Sexual exploitation happens on a continuum. From pornography and stripping to escort services and brothels, women and children are being sold for the use of sex buyers. Is that what we want for NH?

Picture your four year-old. Do you want them to live a life of being raped for profit – when they grow up?

The role of the government is to protect the people. Standards of behavior are crucial to preserving a safe place to live. We have laws against hurting people in other ways. Prohibiting prostitution is a protection we should keep in place.

We are in full agreement with the Governor on this issue.

Abolitionists, like us, call for increased penalties and hefty fines for sex buyers and traffickers. Use those fines to fund services for victims so they can start the difficult work of recovery. It’s bad enough that the people arrested for prostitution are considered criminals when more often than not, they are victims. We believe that lifting the prostitution charges can empower them to move on with their lives and become Survivors. All of this would make NH safer.

Rather than becoming an inviting place for purveyors of human flesh, our state would be a place of elevating people from the brutality of sexual exploitation.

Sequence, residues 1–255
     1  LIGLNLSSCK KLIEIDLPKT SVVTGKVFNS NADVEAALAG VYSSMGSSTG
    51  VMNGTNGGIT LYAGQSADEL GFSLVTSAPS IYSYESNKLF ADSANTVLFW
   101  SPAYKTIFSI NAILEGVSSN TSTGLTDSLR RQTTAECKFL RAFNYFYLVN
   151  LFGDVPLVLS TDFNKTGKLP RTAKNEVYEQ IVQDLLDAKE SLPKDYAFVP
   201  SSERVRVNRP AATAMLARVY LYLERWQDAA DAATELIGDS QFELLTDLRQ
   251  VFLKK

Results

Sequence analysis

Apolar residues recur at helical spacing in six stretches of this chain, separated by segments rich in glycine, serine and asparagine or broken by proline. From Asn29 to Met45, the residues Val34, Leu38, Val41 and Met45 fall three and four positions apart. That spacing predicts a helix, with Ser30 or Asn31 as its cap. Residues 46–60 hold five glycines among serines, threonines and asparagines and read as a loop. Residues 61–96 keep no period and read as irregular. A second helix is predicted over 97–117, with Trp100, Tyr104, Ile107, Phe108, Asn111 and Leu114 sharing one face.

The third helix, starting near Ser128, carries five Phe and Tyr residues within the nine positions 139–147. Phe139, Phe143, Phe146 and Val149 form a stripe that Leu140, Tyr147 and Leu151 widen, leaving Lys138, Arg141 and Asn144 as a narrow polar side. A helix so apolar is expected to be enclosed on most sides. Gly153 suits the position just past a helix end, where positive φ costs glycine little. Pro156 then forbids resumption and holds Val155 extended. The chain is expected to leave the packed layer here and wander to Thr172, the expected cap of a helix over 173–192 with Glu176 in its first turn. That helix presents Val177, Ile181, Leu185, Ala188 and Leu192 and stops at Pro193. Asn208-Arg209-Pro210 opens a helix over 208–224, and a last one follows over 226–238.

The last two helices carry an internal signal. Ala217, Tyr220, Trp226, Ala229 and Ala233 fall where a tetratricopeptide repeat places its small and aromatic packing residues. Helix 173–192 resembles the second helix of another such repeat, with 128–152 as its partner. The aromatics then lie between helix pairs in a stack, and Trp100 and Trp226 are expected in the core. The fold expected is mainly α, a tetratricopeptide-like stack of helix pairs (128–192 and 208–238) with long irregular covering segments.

It is not compassionate to be subjugated to a life as an object for someone else’s sexual pleasure. Compassion is taking the time to listen to her story and see that the choice was made for her long before she got trapped in the cycle of abuse that exploitation inevitably brings. Prostitution research says that 80-90 percent of women in the commercial sex trade were sexually abused as children. So think about how the dial has already been turned. What was so freely taken from them, is now going to be paid for, and this seems like an upgrade. This gives the illusion of choice, a better life. But real compassion understands that no little girl dreams of becoming a prostitute.

Life is hard. The core violation of sexual abuse makes it much harder. Let’s never normalize prostitution. Let’s always remember that sex should never be called work. Prostitution denies the innate human dignity due each human being. People should never become commodities to be traded, used and abused. Let’s never normalize that.